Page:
| T.B: → I follow a lot of inspirational people on Artstation and other social media platforms. Watching movies, playing new video games is also a constant source of inspiration. I love science fiction movies and as a weapons artist, I always like to see what designs they got in there. Walking around in real life I often think about how objects would look like as a 3D model. It helps to visualize the topology of everyday objects as you walk around and think about how they could be made more interesting in 3D.
| 3CA: What are the most problematic part when creating weapons from your experience as a senior weapons artist?
| T.B: → I can not think of any problems there. Ultimately, it’s a job where when you get concepts you do them. Maybe sometimes that also means you don’t think it looks that exciting but that doesn’t matter. A job is a job and every new task is a new challenge and requires its approach. That’s also what makes this job still interesting for me after 13 years. It doesn’t get dull for me and there are always new workflows that might be worth trying out. Sometimes it’s small things but they can add up so for me it’s about finding the best approach to simplify the overall process.
For example, on Warframe I would run the Zremesher operation on my high-poly and then clean up that Zremeshed version in 3dsMax or Blender to get my low-poly. I find that more straightforward than having to do the whole retopo by hand and from scratch. Recently 3ds Max came out with a Remesher plugin that also seems to have very good results. It’s great seeing the software evolve and making the artist’s job easier. It feels like it was just yesterday when we were still doing all our texturing in Photoshop and now we have awesome software such as Substance Painter that increases the speed and quality dramatically to get textures done.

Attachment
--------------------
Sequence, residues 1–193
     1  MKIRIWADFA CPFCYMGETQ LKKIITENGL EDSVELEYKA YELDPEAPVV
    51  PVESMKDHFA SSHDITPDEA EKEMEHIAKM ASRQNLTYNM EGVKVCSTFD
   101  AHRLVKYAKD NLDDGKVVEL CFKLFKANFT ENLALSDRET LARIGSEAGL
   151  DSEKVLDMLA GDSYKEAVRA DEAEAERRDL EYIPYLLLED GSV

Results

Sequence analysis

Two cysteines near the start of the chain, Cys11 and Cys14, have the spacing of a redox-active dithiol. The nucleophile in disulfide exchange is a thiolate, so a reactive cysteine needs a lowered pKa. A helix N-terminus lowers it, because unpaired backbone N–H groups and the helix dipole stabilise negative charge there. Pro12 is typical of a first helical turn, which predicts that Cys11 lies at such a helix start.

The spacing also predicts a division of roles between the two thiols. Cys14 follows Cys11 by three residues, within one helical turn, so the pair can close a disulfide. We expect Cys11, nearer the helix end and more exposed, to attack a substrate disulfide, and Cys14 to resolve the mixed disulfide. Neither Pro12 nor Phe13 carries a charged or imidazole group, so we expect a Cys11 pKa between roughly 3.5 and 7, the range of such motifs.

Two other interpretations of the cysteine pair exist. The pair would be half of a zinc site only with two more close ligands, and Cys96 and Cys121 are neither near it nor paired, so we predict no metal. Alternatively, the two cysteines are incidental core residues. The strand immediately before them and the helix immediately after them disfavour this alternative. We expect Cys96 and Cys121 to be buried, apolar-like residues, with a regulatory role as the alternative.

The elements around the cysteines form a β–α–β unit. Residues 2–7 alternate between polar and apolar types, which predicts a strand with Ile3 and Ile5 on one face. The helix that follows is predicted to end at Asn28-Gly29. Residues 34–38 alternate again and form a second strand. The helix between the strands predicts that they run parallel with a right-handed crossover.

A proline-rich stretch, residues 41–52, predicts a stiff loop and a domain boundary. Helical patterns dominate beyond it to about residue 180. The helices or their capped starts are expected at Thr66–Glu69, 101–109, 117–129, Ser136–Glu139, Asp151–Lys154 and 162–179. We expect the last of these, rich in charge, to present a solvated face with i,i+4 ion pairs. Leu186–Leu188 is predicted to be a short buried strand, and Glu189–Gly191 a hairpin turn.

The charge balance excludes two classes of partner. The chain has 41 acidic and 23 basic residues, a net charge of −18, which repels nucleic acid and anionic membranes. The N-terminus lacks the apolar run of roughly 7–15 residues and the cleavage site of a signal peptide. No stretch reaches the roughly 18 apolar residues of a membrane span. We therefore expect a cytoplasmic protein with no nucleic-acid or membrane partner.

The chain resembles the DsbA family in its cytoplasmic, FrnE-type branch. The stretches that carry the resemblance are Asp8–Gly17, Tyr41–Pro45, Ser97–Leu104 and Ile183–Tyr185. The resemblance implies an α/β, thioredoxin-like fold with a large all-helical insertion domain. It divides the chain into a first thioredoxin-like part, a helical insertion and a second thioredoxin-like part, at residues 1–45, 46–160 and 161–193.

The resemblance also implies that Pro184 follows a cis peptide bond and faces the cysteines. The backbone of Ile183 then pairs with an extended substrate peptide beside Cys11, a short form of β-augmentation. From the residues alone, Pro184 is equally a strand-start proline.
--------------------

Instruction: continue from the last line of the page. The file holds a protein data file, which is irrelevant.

| 3CA: Any good advice for artists and students who want to get into the business as a 3D Artist in fields like games, cinematics, commercials, and feature films
| T.B: → It’s all about the quality of your portfolio content and what matters the most here is to put quality over quantity.
As a student who is looking to fill a junior or intern role it’s not expected of you to have tons of artwork to show for so the goal should be to make the few pieces you have on it as good and professional and optimized looking as it can be. Show wireframes, show your textures at the end. Also, show that you can work with engines (simply put your object into UE4 and make it look good there).
Also, don’t try to shoehorn in a ton of different things. Often, I see people putting concepts, characters, weapons, and the environment in there. A recruiter is not interested in a jack of all trades so it’s better to put your focus on something that you feel strongly about. The normal route in my opinion to specialize in environments, prop, hard-surface modeling early on because the demand, in general, is very strong there. Don’t hold back of course if you feel strongly about a different field (for example characters), then do this but make the samples you have in your folio count. In general, it’s wise to look at what companies need the most, and worlds always need a ton of artists to be filled with art. You can always change your career to something else later on once you are in the company.
3D Concept Art Community thanks Tim Bergholz for sharing his know-how. Don’t try to shoehorn in a ton of different things, show wireframes, and textures at the end.